Jadine tells Margaret all she knows about the intruder, now guest. Margaret promises to have it out with Valerian over the issue. She wants to fly to Miami to escape the situation and persuades a reluctant Jadine to come with her, but then Jadine has another encounter with the black man which makes her forget their plans.
The story returns to the black guest. After Jadine storms out of her room, he remains there, looking around at the room’s contents. Then he steps into her bathroom and takes a shower. He washes his hair and cleans his teeth, then puts on a robe and looks out of the window. He knows that the others in the house, except for Valerian, are frightened of him. He also knows that the women’s fears are baseless; he has no intention of raping anyone. He had entered the house only because he was hungry; he had been wandering around the property at night and sleeping during the day as he considered his options. He was considering trying to get work, earn some money and then fly back to his home in Florida. He had jumped ship only because of homesickness. Now, he looks out of the window and sees Yardman at work in the yard. He feels a kind of empathy for him which brings him almost to tears.
The narrative switches to Valerian, who is sitting in his greenhouse. Some details of his early life are related, about how his father died when Valerian was only a little boy. The loss affected him deeply. He then reviews why he chose to retire to the Caribbean; the Philadelphia he had known had grown strange to him; it was changing in ways he did not like, and his friends were either dead or dying, so he chose to leave.
The black man, dressed in a woman’s kimono, enters the greenhouse. They begin to talk, and the black man, who reveals that his name is William Green (although he identifies more with the name Son), explains that he was as frightened as Margaret was when she discovered him in the closet. Son gives Valerian a method of keeping ants out of the greenhouse; simply put a mirror outside the door, and the ants won’t go near it. He also helps Valerian with a plant whose buds won’t open. He simply flicks the stems with his thumb and middle finger and says they will be in bloom tomorrow morning. He says he knows all about plants. He then tells Valerian an off-color joke and the two men laugh uproariously. This is the moment Jadine sees them, related in the previous chapter.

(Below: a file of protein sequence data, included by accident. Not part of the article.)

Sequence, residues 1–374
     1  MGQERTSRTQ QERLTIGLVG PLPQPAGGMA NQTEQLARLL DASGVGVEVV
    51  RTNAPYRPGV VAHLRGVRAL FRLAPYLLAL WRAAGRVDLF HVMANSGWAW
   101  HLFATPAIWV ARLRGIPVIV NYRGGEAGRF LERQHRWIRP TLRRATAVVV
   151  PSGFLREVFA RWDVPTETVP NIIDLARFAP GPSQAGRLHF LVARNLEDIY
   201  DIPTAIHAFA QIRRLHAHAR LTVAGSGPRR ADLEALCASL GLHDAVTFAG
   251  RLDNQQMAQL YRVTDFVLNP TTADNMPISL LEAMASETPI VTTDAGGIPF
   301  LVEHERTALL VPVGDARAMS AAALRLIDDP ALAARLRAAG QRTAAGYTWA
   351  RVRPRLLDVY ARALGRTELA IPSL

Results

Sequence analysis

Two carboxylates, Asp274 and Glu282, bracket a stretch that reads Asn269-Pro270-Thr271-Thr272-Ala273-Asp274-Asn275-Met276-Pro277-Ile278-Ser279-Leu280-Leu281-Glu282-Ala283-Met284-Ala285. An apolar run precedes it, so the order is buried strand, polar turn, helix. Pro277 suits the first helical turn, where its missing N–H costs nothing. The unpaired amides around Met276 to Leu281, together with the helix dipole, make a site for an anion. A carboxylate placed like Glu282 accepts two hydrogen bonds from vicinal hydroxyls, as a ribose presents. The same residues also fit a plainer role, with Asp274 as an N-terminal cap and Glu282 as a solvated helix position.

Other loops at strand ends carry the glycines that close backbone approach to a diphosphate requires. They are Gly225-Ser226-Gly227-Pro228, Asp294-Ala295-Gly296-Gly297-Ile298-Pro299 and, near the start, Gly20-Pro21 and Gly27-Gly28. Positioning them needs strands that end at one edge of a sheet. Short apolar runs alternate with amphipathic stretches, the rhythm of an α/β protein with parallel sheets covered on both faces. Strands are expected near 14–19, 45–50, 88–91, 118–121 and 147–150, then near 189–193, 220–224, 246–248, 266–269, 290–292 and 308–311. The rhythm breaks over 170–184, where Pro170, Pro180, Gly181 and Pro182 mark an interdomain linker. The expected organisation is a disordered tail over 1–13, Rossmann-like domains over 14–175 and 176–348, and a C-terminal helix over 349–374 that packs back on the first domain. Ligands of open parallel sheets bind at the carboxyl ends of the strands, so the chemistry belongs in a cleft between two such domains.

Valerian then sends Son off with Gideon (Yardman) to get a haircut on a neighboring island where Gideon and his sister Thérèse live. Thérèse takes warmly to Son and parades him around town with pride. Gideon then cuts Son’s hair while Thérèse cooks dinner. After dinner the three of them talk. Thérèse has some wild ideas about what life in America is like, but Son says little to correct her. Thérèse mentions that she was the one who arranged for Son to have access to the Streets’ house, and he thanks her warmly. Gideon says that Son can come back and stay with them anytime. He asks whether Son intends to go back to the Streets. He has guessed that Son is attracted to Jadine.
When Son returns to Valerian’s house, he enters the living room while Jadine is there. She is struck by the change in his appearance and thinks he is gorgeous. He apologizes for what happened the previous day. He tries to play the piano for her, but is out of practice, and she discourages him from continuing. She tells him he should go and apologize to Sydney and Ondine. He agrees and leaves. Jadine is left to reflect on the fact that she finds Son attractive. But she is still restless and plans to leave after Christmas for New York and then Paris. She is bored.
Son goes immediately to the kitchen, where he apologizes to Ondine. She is testy at first but warms a little to him as he continues to speak respectfully to her. He tells her about his family in Florida and that his wife is dead.